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Fitness is good, but wellness is better. And to become one with the universe, you must first become one with your T-shirt.
Tracking bracelets like Fibit, Fuelband, and Up are for fitness, measuring steps, motion, and action. Arm straps like BodyMedia also measure heart rate, skin conductivity (how much you’re sweating), and exercise intensity. All of those are important to Montreal-based smart apparel startup OMsignal too, but the company says there’s more to wellness than fitness.
“We think movement is awesome, we’ve worn all the devices,” says CEO Stephane Marceau. “But we’re also trying to measure emotional states. It’s mental and it’s emotional … and we call this ’emotics.'”
OMsignal is doing that, as you might have guessed, by making you one with the shirt. Or bra — your choice.
OMsignal’s T-shirts and bras have the basic tool that every other fitness solution employs: a 3-axis accelerometer to give you motion and steps and estimated calories. But the clothing also measures breathing: respiratory rate and volume. And something truly incredible for a personal fitness device: your ECG.
That’s not just heart rate, that’s an actual measurement of the electrical signature of your heart.
“From the ECG we measure heart rate variability, which is pretty meaningful,” Marceau told me. “The difference between arcs is the difference between your heart rate. When it’s long … you’ve got no problems, but when saber-tooth tiger is next to you, they’re fast and regular. There’s 30 years of research correlating stress and exercise, but there’s no tool to measure it in real life.”
OMsignal started to work on a wellness wearable in 2011 after the team members initially designed a fitness bracelet in 2008. The goal was to access a greater body footprint — to get deeper data — and then to extract more meaningful signals and generate more meaningful insights.
Those insights have a lot to do with stress. CEO Marceau — who’s a high-energy, passionate, excitable person — has been practicing mindful breathing for a long time. With an active, busy lifestyle plus the stresses of a startup, he needs the chill factor, and needs the health benefits.
Especially the benefits of mindful breathing — even when you’re not exercising.
“I’ve been practicing yoga for a long time,” Marceau says. “Focusing on breathing is so helpful — influencing your breathing is one of the few ways to influence your autonomic system, which is a pretty powerful thing.”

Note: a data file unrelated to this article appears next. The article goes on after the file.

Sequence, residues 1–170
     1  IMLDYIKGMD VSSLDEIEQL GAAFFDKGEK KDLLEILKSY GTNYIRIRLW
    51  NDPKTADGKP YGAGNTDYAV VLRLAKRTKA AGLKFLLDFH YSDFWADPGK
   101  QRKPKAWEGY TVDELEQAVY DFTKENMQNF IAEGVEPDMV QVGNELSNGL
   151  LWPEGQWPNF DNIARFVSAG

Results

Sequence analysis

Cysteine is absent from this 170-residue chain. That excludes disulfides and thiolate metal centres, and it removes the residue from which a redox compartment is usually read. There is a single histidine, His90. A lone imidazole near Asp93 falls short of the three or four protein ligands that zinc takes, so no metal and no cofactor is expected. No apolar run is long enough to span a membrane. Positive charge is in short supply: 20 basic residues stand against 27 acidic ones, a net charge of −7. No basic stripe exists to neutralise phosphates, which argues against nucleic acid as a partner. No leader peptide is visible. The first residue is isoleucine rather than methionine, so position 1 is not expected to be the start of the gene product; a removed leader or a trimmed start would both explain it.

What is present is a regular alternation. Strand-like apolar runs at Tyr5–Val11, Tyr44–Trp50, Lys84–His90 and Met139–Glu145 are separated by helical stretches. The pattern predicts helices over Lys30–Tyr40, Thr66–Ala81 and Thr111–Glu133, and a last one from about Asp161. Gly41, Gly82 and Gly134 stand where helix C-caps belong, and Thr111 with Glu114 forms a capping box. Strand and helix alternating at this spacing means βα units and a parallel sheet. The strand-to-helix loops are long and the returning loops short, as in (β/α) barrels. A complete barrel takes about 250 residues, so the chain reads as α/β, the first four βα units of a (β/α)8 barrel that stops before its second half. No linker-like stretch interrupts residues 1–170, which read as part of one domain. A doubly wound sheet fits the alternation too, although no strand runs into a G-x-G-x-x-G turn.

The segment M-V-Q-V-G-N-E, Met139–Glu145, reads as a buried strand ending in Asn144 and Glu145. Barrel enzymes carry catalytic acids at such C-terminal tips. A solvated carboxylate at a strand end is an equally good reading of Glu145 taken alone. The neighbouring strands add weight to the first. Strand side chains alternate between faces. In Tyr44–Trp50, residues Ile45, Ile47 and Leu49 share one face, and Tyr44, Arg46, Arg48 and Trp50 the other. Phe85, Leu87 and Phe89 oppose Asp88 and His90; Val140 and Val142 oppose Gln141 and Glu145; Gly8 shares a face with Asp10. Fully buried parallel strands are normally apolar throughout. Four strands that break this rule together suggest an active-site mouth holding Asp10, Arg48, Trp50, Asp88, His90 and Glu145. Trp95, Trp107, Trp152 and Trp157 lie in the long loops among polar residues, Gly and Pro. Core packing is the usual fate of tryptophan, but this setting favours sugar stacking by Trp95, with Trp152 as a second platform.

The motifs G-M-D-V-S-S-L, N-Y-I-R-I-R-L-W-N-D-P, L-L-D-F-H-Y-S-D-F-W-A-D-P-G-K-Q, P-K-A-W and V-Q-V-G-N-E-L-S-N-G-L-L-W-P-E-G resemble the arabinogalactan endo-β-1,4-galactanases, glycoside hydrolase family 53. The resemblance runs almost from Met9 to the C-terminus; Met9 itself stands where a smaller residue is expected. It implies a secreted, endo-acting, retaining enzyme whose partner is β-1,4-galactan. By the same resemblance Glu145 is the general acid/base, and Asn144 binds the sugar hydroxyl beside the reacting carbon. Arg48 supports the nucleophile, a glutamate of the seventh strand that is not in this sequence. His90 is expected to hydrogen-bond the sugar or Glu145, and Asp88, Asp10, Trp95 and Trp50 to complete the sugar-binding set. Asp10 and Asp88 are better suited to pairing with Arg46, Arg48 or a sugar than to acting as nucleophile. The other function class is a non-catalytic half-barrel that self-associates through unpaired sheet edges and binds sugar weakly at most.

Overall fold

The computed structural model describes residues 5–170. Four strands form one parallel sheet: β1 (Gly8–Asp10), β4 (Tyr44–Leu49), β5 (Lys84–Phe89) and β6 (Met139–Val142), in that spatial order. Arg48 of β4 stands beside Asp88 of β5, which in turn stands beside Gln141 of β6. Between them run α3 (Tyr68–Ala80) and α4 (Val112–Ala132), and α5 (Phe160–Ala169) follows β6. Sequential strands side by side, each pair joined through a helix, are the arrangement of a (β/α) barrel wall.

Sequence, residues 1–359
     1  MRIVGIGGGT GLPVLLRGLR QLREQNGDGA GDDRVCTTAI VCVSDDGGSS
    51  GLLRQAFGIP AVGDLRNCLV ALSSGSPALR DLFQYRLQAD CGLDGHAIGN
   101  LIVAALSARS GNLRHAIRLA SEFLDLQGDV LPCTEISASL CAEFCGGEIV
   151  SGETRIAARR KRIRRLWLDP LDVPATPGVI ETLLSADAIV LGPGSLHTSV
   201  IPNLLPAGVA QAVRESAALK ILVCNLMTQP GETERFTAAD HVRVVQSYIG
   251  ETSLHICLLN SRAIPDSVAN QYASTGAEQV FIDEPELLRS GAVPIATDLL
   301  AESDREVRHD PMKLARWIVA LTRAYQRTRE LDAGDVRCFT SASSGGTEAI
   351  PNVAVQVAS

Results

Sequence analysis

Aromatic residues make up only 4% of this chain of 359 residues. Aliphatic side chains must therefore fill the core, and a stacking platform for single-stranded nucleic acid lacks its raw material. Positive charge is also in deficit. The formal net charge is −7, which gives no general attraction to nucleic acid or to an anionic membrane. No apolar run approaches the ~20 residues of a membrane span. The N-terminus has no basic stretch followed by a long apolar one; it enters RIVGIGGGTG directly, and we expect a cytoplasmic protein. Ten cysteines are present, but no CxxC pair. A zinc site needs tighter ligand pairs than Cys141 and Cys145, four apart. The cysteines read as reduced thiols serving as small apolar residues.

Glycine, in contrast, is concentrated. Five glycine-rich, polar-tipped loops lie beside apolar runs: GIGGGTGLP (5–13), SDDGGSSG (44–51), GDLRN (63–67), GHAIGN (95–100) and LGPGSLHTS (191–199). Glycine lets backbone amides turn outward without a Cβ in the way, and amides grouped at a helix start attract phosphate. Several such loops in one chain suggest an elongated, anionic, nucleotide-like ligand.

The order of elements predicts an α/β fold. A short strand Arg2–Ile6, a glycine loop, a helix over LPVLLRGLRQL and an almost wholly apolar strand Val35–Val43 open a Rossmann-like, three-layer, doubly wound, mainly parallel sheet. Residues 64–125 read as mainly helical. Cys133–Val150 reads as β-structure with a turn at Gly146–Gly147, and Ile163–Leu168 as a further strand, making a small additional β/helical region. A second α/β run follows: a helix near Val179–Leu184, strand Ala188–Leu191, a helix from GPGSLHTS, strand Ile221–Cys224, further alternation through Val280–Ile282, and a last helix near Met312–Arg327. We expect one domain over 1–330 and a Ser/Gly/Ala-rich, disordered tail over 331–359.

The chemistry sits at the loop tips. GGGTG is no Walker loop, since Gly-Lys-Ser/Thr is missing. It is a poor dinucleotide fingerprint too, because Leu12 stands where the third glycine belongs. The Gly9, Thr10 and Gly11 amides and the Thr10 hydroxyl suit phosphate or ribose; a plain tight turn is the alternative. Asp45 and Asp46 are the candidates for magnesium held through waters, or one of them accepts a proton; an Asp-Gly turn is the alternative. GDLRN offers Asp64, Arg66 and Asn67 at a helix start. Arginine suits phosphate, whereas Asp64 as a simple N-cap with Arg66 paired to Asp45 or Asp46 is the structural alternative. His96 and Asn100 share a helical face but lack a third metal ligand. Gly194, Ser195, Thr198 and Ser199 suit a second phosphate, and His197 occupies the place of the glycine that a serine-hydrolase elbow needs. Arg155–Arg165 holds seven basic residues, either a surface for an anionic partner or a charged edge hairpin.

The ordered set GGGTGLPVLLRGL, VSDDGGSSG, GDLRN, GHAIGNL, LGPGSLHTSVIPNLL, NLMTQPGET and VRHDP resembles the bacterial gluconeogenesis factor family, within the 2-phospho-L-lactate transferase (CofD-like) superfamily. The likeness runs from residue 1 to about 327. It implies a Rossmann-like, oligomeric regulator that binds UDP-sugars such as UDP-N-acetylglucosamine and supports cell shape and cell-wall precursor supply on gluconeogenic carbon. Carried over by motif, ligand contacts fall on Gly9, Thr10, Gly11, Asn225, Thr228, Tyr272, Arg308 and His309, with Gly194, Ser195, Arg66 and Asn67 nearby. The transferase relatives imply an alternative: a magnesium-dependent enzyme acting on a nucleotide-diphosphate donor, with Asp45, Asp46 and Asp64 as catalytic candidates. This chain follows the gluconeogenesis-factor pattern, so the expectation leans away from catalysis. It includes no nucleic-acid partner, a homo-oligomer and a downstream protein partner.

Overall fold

Your body’s autonomic system is the mostly subconscious things you do to stay alive: breathing, heart rate, digestion, perspiration, and more. It has a huge impact on your health and wellness, particularly in the area of stress, and is largely impervious to conscious control — at least for those of us who are not Yoga gurus who have practiced controlling our bodies for 20 years.
But breathing can be under our control, and mindful breathing — slow, deep — can have a major health benefit in reducing stress and improving energy.
“With breathing, you control your stress,” says OMsignal’s chief medical officer, Stéphane Borreman — who is not only an emergency room physician but also a mechanical engineer. “Good breathing can make overall better balance in terms of the nervous system.”
All of which means that OMsignal’s apparel doesn’t just count your calories or tally up your steps for the day. It helps you understand how you are feeling, and why … it measures your emotional state.
But not just yours.
The company is working on apps that link you with your loved ones. If your spouse is feeling stressed, you can be notified and can send him or her a comforting text. Or, if a parent is experiencing health issues, you can call for help. Both of which are interesting ways to bring the power of our closest social relationships to bear on the most key issues of our health.
OMsignal is still an early-stage company and has not released a product for sale. The company just closed a $1 million seed round of financing from Real Ventures, Golden Venture Partners, and angel investor David Cohen.
But in preparation for a wider release, and in anticipation of opening up the OMsignal platform for third-party developers, OMsignal is taking a page from Google’s early “Explorer edition” release of Google Glass. One hundred of OMsignal’s body-sending shirts will be sent to life hackers, medical practitioners, and developers.
The shirts are available first; the bras will come second, Marceau says, citing the fact that bras need more design than T-shirts “for some reason.” Pricing, of course, is not yet finalized. And that will be a huge challenge, although the company may look at some means of transferring sensors from shirt to shirt so that you do not have to buy 20 smart shirts to get full sensor coverage, even when your clothing is in the laundry.
In fact, the entire design process has been a challenge.
“We always wondered, with all these fitness wearables, why isn’t arguably the most natural wearable category represented: apparel?” Marceau says. “After spending so much time making this work, we get it.”
“It’s not simple!”
Image credits: OMsignal
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